We Could Not Arrive at A Relative Value for the Deal
The most audacious and complicated takeover ever proposed in India’s financial services industry involved IDFC Bank and Shriram Capital. Many theories are doing the rounds on the reasons behind the deal’s collapse. In an interview with Shilpy Sinha and MC Govardhana Rangan, IDFC Bank’s Chief Executive Rajiv Lall says that the lack of agreement on relative valuations caused the deal to founder. Edited excerpts;
What broke the deal? In the last couple of weeks, it was clear that the deal was not going to happen. The only reason the deal did not go through is that we could not arrive at an agreement of relative value. That was the only reason. The other thing I would like to highlight relates to the impression that IDFC Ltd shareholders have been difficult to convince. This is not true. We submitted the proposal to both the IDFC Ltd board and the IDFC Bank board. We presented the business case, got feedback from all shareholders about their expectations and basis all that information, at the board level, we came to a view on what the appropriate valuation is at which we will do the deal. We had the support of our majority shareholders.
Then why could you not proceed with the plan? We developed a point of view of what the price should be and we then made an offer. There are two parts to the offer. IDFC Bank and Shriram City Union, which is less complicated because both companies are listed. Complications arise at the IDFC SCL level because SCL is unlisted and IDFC is listed. Our view was that it is no rocket science to arrive at appropriate valuation. IDFC Ltd shareholders were saying that there should be a holding company discount to the assets that both sides bring to the table, an appropriate holding company discount that is value accretive for both parties. The valuation that we proposed to our counterparts was discount to sum of the parts value greater than we believe they would be getting in the merged entity. We thought it was very fair. The other thing is we never got a formal counter offer from them that our board would evaluate to assess whether we could bridge the gap.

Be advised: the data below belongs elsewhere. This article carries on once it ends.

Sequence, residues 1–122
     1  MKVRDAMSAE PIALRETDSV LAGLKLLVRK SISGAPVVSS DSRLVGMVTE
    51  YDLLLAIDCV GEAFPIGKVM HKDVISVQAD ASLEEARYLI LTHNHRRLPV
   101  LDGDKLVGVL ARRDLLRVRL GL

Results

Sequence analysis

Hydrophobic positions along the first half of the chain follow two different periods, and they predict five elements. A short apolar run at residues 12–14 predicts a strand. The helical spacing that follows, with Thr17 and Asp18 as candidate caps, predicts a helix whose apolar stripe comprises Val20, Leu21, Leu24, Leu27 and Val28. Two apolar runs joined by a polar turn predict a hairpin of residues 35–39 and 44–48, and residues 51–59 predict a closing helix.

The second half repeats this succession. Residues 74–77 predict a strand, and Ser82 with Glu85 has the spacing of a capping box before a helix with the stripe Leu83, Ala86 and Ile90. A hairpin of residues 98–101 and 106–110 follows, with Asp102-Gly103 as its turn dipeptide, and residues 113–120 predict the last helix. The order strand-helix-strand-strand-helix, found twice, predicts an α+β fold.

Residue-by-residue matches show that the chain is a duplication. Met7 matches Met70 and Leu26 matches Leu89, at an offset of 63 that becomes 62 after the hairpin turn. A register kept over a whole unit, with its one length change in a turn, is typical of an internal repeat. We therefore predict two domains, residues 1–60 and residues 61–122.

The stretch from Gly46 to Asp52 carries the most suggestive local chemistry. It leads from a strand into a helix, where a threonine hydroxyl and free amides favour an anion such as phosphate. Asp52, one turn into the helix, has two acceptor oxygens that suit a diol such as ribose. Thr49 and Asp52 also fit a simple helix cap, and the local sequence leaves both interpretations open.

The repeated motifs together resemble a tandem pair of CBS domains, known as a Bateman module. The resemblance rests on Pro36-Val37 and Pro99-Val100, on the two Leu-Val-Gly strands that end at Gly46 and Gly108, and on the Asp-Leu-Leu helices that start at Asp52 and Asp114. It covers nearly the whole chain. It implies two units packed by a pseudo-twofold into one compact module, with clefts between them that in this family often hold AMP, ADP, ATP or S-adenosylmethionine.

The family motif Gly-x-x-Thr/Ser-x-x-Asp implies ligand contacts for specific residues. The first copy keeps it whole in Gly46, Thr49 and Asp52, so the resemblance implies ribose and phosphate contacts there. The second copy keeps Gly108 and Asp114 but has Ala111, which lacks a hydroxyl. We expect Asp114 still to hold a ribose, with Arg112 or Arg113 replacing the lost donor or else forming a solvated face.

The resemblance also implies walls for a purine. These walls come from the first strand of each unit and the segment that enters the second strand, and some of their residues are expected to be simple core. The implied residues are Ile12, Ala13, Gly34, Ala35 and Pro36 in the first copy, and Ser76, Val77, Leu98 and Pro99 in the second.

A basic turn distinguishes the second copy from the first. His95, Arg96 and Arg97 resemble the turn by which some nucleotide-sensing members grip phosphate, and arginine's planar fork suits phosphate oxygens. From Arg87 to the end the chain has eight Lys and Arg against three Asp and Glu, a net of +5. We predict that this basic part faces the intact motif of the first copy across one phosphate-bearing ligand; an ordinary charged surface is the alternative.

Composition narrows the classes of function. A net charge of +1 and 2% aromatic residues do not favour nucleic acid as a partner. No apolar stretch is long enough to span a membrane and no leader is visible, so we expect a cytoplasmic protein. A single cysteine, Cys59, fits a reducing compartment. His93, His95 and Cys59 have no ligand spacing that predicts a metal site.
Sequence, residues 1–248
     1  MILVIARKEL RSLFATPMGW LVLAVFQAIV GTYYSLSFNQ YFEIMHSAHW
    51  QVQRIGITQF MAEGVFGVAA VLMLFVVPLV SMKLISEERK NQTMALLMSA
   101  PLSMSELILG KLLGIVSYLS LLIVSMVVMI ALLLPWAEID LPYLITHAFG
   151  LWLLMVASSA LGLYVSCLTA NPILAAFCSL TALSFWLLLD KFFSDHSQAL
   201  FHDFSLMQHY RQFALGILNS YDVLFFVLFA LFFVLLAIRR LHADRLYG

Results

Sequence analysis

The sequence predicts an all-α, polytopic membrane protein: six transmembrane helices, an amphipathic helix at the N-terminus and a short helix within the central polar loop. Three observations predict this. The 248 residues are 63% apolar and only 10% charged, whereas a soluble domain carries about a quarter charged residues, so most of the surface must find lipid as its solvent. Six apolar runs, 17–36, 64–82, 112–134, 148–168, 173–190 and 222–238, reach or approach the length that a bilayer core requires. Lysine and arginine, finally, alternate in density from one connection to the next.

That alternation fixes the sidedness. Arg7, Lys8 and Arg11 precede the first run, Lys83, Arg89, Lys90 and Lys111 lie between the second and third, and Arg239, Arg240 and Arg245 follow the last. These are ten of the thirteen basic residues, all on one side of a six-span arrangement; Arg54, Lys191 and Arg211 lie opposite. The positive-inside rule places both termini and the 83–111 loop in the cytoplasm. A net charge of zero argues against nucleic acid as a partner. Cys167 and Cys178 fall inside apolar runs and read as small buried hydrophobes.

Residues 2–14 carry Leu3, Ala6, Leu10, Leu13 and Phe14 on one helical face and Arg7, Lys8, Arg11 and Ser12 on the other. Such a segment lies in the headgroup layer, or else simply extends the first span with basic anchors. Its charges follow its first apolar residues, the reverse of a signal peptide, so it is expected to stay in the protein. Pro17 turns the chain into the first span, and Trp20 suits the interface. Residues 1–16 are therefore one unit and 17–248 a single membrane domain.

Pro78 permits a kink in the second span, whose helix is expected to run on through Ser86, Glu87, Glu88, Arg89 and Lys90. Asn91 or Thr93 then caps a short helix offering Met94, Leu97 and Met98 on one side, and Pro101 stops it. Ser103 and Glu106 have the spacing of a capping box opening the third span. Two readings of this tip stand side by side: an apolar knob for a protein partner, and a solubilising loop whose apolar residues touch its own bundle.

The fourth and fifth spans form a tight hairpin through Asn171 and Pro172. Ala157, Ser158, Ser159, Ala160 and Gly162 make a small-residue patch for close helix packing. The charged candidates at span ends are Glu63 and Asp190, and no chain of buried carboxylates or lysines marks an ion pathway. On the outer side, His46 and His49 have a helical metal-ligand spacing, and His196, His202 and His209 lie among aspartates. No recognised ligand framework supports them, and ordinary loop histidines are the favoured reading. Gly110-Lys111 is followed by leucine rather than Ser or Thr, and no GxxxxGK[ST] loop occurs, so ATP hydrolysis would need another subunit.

Why are you calling it off 10 days before the deadline ends? We came to the conclusion because they were not able to give us a counter offer. It means that our valuation ask is so unreasonably high that there cannot be any meeting of minds. Then why waste time. Just end the exclusivity period so that we can get on with our lives. We had many more shareholders to deal with. They had only four. It should have been easy for them to arrive at a valuation.
Both IDFC and Shriram are holding companies. So, where was the difference? This was my thinking too. We thought there would be some reasonable meeting ground, especially given the strategic value of the companies. For the AMC, there are transactions. You take some percentage of AUM and it gives you the value.
Did you want them more than they wanted the IDFC Group, because they did not even come up with an offer? We walked out of the deal.
Was the complex structure the reason behind the deal’s collapse? It was complex no doubt. There are four listed companies. Now, in retrospect what I can say is we made the announcement because there were listed companies involved. It was impossible for any listed company to have open negotiations.
When you announced the deal, you said it is a marriage made in heaven… Marriages can be made in heaven but we live on earth. Not all marriages made in heaven can be consummated on earth. We started with the broad intuition that the strategic fit is very powerful and that we will find some middle ground on valuation, however complicated it is. It is in both parties’ interest. We had to give some holding company dis- count, not unreasonable and their shareholders would get an exit.